Review by Dan Willging from the June/July Issue of Dirty Linen Magazine
Bayou Seco * 20 Years Happy in The Bewilderness * Zerx – Zerx51 [(2002)]
Bayou Seco Trio * Home on the Great Divide * Zerx – Zerx36 [(2001)]
Twenty years is a long time for anything but in the case of New Mexico’s Bayou Seco, it seems bewildering that two decades have indeed flown by. Led by the husband-and-wife team of Ken Keppeler and Jeanie McLerie, the Cajun-Centric/New Mexican music group has traveled down many a dirt road to
learn the indigenous music of their locale. The couple became proficient in Cajun-Creole music while residing in Louisiana, playing with such masters as Dennis McGee, Canray Fontenot, “Bois Sec” Ardoin and others. When it was time to leave, they did, putting down stakes in the Land of Enchantment and
subsequently absorbing the traditions of violinista Cleofes Ortiz, guitarist/accordionist Antonia Apodaca and Native American Tohono O’odham fiddler Elliot Johnson.
This beautifully, ecologically-packaged 21-track disc commemorates their first 20 years together and like their ‘spiritual millionaire’ career, this one too is rendered with a novel approach. Instead of featuring cuts from currently available recordings, Bayou Seco opts for out-of-print studio
selections, live gigs and radio shows for a loose, uninhibited feel. Over the years, 26 musicians have embraced the Bayou Seco family, playing everything from traditional Cajun, original Cajun, greasy garage band zydeco, hypnotic Hungarian to Tohono O’odham tunes, folksy numbers, French Canadian, zyde-Calypso and of course, aboriginal New Mexican music.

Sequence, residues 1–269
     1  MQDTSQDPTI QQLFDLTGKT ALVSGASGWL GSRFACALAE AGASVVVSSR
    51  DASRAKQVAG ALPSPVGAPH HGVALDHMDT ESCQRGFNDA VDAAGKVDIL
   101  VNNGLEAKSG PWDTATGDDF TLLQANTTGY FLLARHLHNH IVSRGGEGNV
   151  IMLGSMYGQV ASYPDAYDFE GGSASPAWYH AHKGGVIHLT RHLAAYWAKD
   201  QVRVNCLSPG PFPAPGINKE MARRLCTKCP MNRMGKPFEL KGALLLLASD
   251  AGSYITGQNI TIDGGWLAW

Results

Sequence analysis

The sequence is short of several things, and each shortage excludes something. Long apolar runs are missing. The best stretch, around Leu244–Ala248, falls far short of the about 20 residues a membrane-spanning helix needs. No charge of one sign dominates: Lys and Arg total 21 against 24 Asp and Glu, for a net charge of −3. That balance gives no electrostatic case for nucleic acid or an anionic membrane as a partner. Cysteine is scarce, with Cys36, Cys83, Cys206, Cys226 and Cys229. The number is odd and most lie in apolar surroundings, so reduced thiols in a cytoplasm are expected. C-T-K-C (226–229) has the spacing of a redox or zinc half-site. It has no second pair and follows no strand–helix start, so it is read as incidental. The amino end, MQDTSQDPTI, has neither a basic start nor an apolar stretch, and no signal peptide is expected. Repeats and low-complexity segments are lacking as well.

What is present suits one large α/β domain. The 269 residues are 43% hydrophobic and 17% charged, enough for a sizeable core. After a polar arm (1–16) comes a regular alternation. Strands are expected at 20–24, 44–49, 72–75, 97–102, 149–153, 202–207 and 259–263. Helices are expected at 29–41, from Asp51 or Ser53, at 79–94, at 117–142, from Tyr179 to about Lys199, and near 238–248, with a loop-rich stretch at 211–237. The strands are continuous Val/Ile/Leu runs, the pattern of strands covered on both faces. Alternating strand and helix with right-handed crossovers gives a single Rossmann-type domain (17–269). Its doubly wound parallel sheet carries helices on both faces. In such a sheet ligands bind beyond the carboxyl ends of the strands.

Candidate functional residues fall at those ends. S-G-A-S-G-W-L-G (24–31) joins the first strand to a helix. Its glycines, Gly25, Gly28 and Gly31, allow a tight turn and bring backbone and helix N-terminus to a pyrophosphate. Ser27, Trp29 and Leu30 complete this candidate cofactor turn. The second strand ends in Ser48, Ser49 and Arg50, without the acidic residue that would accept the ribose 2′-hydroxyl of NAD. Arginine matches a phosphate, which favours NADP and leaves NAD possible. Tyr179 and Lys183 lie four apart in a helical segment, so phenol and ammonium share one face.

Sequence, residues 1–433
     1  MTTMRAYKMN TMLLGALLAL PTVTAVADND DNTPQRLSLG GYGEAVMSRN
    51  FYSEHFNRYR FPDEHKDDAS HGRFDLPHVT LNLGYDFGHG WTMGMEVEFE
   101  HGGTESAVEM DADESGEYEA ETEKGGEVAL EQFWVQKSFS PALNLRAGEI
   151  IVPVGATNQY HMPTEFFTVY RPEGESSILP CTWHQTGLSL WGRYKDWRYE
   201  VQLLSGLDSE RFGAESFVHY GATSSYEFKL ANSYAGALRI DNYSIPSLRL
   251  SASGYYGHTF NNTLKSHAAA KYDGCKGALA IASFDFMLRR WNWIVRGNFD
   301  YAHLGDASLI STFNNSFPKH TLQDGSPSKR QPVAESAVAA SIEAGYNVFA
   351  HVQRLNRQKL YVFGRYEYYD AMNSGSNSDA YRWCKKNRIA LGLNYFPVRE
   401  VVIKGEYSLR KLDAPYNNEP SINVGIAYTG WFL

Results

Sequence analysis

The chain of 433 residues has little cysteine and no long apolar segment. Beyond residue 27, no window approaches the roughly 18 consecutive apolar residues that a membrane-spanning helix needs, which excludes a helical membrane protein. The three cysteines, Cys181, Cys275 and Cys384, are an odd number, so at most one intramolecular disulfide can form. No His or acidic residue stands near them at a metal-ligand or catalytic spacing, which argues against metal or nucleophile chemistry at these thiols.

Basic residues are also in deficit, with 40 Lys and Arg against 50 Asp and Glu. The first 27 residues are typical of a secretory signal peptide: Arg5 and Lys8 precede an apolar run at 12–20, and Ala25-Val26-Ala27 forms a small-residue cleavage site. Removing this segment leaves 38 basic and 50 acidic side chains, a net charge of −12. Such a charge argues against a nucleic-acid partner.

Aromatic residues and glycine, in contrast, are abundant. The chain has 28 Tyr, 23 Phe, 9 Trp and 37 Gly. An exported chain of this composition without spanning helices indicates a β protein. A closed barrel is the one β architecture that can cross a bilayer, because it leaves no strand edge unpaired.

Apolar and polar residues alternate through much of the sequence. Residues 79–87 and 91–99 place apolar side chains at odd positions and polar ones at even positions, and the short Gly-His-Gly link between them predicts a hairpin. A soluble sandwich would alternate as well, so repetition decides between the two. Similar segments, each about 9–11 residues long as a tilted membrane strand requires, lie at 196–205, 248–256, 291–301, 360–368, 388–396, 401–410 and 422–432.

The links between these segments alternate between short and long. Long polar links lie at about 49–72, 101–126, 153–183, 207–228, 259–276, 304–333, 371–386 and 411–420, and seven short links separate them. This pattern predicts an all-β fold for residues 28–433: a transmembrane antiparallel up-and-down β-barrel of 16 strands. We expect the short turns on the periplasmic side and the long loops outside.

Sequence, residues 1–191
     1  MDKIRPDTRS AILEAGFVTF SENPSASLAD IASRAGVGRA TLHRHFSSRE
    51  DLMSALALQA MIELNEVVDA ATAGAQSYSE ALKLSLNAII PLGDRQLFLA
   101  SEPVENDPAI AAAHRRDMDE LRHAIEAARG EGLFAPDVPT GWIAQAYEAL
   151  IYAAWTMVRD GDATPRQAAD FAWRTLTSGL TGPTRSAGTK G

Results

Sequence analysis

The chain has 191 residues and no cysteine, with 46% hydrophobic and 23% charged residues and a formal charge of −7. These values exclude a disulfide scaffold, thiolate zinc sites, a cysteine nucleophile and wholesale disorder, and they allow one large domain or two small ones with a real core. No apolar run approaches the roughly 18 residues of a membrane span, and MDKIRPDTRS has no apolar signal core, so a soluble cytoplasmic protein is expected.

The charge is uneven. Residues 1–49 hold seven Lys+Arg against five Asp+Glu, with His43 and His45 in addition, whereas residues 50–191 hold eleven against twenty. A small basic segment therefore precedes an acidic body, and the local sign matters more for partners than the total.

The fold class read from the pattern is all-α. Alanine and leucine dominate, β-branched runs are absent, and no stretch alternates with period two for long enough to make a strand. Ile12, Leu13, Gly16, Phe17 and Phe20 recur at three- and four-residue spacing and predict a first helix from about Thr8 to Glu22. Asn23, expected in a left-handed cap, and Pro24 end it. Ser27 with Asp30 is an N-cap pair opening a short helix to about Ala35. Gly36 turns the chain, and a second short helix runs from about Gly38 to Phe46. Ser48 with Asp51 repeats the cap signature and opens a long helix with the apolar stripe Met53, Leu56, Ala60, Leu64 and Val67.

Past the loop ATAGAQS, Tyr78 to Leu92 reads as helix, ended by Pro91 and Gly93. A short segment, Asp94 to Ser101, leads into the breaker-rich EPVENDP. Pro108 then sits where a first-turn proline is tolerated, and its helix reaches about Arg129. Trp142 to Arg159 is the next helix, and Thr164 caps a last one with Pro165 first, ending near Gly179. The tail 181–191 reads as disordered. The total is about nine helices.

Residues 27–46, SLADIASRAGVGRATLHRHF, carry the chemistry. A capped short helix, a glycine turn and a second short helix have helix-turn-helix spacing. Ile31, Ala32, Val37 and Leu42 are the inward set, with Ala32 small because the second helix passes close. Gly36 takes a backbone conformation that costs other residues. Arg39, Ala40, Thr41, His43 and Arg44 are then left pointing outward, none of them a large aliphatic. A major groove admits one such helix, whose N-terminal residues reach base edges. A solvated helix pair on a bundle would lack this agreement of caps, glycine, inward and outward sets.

Overall, it’s a dense listen with aural treats abounding throughout. Their C-Z selections are often rawer than the bayou thing itself with clashing accordion squeals, wild fiddling and hard chugging rhythms. Equally enrapturing are the interpretations of “Valse de Jose Y Raphaelita,” an Apodaca staple, “El Quelite,” a New Mexican accordion-led classic, and “Una Noche Serena Y Obscura,” a live Ortiz-McLerie fiddle performance from the Port Townsend Fiddle Tunes festival.
Home On The Great Divide symbolizes many things such as McLerie and Keppeler’s abode that’s only a only a mile away from the geographical formation that extends from Western Canada to South America. It also symbolizes how nothing can separate the couple’s multi-culturalism that’s comparable in size to the Great Divide. Here, they indoctrinate their latest member, Appalachian transplant, guitarist/violinist Mark Mueller into the Bayou Seco ideology. While there are tunes from Cajun fiddler McGee, NM fiddler Ortiz and accordionist Apodaca, there are also four pristinely rendered Elliot Johnson tunes whom McLerie and Keppeler have been instrumental in keeping the Tono O’odham fiddler’s legacy alive and burning. Another prevailing theme here is a western one with selections attributed to Jack Thorpe who published the first collection of cowboy songs. As expected with any Bayou Seco outing, there’s guaranteed to be surprises along the way and this one’s no exception. “Polka de Gascogne” is a polka hailing from Southwestern France cast here in a southwestern motif
while elsewhere Keppeler occasionally tosses in clawhammer banjo for a startling old-time effect. Whoever coined the terms ‘roots music’ must have had the uncanny Bayou Seco in mind.
— Dan Willging, Denver, CO